This morning, the PA Writing and Literature Project (PAWLP) welcomed a new Associate Director, Dr. Pauline Schmidt. After walking up the narrow and familiar steps to the PAWLP office, I entered to find a roomful of teachers seated around a large table, each writing in their notebooks.
“We just got started with some brief reflections on PAWLP to share with Pauline,” whispered Mary, the project director. I was quickly welcomed to a seat and began to write.
I first got involved with the writing project in 2008 when I completed PAWLP’s summer reading institute. Three years later, I completed the writing institute, and in between, I took several other courses at the project. Today I’m honored to serve on PAWLP’s advisory board with a truly extraordinary group of accomplished teachers.
As each teacher welcomed Pauline to the writing project, I was struck by the stories that everyone shared about what PAWLP has meant to them. Over and over again, teachers remarked how PAWLP has been like a second home, a place that has helped energize and inspire them to become agents of change and advocates of best practices on behalf of their students. PAWLP is a place to go to find like-minded individuals, but also a place to find colleagues who will challenge you, who force you to question your assumptions, and who push you to grow.
I wish more teachers could experience the strength of professional learning (and writing) communities like PAWLP. When it was my turn to welcome Pauline and to share what the writing project has meant to me, I echoed what many had already said. But for me, what I’ve realized recently is that it’s the people I’d met through PAWLP who made the most meaningful difference in my professional life. I have met friends and mentors through the writing project—individuals willing to make time on a Saturday morning to come together to write and think together. And it’s because of these people that I’ve had numerous professional opportunities—opportunities to come together and share stories from our classrooms, to problem-solve, to collaborate, to teach fellow teachers—and in the process, to stretch, to grow. My PAWLP colleagues give me the courage and confidence to take risks in my classroom, to have honest conversations with myself about what’s best for my students.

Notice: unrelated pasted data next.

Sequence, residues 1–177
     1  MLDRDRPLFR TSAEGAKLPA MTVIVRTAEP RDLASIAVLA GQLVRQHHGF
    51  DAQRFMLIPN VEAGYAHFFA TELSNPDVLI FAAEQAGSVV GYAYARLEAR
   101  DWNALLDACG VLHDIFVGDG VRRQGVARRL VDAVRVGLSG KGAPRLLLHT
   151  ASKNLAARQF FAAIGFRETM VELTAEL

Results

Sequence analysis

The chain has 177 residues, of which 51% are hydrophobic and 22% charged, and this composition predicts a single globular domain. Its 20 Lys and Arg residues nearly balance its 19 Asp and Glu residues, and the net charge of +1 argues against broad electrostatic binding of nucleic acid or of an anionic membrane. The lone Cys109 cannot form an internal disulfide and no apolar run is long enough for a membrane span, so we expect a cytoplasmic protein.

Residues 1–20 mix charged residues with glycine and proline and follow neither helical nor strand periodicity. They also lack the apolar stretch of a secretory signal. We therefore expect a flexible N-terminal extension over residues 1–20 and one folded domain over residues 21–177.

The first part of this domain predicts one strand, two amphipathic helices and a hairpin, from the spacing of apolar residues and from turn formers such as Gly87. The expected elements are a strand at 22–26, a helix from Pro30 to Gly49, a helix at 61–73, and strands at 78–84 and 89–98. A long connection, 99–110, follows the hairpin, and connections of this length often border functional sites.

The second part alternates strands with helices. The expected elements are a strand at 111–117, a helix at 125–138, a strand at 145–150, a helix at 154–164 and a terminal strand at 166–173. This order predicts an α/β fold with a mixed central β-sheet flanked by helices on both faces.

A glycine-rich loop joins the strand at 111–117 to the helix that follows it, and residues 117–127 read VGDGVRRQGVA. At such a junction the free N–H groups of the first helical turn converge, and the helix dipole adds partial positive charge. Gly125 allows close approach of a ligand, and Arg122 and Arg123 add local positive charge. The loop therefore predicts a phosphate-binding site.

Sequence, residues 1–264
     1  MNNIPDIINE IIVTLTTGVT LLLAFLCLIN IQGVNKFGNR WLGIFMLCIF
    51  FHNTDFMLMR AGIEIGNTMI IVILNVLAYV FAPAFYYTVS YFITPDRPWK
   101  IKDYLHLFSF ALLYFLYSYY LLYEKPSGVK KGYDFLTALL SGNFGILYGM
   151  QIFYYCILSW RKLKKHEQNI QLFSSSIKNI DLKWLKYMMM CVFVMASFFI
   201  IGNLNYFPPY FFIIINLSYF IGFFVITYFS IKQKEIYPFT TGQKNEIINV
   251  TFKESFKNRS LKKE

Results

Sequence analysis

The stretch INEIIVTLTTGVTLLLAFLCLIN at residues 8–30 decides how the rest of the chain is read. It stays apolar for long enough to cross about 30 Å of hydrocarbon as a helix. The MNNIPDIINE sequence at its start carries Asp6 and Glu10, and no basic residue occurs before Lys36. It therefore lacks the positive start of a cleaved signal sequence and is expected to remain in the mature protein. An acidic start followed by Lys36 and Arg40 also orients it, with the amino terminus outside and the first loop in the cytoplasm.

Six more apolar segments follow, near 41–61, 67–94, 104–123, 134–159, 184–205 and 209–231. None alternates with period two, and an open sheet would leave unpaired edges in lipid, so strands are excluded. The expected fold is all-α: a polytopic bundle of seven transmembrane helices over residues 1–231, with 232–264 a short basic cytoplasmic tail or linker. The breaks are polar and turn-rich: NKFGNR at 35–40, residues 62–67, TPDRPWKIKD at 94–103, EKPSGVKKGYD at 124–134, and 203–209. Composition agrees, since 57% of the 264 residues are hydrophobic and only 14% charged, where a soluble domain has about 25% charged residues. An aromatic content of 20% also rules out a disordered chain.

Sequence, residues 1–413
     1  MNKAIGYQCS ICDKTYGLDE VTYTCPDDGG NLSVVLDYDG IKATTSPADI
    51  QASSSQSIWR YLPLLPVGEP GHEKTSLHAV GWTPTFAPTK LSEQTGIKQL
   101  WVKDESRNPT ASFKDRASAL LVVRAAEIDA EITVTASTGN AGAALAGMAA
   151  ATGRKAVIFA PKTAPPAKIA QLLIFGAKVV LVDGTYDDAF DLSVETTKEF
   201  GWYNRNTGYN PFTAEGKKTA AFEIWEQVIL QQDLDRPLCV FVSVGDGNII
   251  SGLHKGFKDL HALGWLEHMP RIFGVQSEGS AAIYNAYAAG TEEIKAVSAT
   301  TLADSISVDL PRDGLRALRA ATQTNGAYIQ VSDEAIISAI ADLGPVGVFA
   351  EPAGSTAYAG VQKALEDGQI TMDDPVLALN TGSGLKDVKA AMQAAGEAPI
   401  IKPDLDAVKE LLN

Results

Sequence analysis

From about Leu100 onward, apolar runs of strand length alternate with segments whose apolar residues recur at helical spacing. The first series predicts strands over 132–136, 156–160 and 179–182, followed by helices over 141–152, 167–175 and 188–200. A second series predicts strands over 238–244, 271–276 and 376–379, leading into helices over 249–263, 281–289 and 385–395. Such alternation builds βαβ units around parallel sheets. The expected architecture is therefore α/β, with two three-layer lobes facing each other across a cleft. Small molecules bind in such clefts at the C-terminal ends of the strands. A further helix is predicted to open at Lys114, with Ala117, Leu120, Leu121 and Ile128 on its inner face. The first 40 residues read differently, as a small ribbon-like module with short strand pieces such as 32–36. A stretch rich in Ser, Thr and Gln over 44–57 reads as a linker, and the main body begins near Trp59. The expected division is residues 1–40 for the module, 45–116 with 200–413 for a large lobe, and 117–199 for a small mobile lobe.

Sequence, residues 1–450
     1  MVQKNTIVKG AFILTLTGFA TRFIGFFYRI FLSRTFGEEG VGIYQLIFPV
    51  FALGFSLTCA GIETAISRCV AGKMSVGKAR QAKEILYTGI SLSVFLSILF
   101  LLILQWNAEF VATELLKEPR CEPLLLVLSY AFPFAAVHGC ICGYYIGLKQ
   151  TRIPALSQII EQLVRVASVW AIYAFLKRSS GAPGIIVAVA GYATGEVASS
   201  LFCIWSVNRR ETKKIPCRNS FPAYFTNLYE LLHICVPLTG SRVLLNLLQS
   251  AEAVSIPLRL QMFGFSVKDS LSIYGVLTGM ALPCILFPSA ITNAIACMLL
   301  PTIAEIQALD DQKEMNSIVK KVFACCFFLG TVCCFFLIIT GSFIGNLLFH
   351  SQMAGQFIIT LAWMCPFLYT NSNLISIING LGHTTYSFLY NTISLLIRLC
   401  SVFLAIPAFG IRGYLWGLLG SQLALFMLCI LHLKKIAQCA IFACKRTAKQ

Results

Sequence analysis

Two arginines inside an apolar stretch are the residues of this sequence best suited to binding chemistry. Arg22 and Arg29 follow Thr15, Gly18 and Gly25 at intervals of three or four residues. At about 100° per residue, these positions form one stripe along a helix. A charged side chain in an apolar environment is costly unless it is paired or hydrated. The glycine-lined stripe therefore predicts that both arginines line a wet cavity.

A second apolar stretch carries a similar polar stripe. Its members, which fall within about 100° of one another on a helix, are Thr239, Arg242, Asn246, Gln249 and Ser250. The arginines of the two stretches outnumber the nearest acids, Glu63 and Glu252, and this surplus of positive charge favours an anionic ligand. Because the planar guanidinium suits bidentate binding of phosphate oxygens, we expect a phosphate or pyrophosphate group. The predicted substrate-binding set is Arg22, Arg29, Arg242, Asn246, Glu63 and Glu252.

Teachers can be easy targets in the media, blamed for failing schools and low test scores. Teacher unions have been systematically weakened and attacked by political forces that know nothing about what being in a classroom, day in and day out, is like. This morning, during our PAWLP continuity session, I watched more than a dozen teachers gather to look at a piece of student writing that one of the teachers had brought in. She had come looking for feedback about how to assess this student’s writing according to the Six Traits model. I listened as the group engaged in deep conversation about what makes writing successful, and more importantly, how to approach assessment in a way that inspires student confidence and growth. I walked away challenged to think about how I assess student writing, how I confer with students and the language I use when I talk about their writing. By the time I got in my car for the 45-minute drive back home, I knew I’d be a better teacher because of the time spent this morning with this group of friends and mentors.
When I was little, I used to love Saturday mornings, as I often jumped out of bed early to watch my favorite Saturday morning cartoons. Although I’ve left the Smurfs and Scooby Doo behind me, I still love Saturday mornings—especially ones like today.
This post is part of the “Slice of Life” series, organized by the teachers at Two Writing Teachers, whose goal is to give teachers a place to write and reflect. This March, more than 300 teachers have committed to daily writing. If you’d like to read more “slices” (from other teachers and even some students), visit twowritingteachers.wordpress.com/challenges.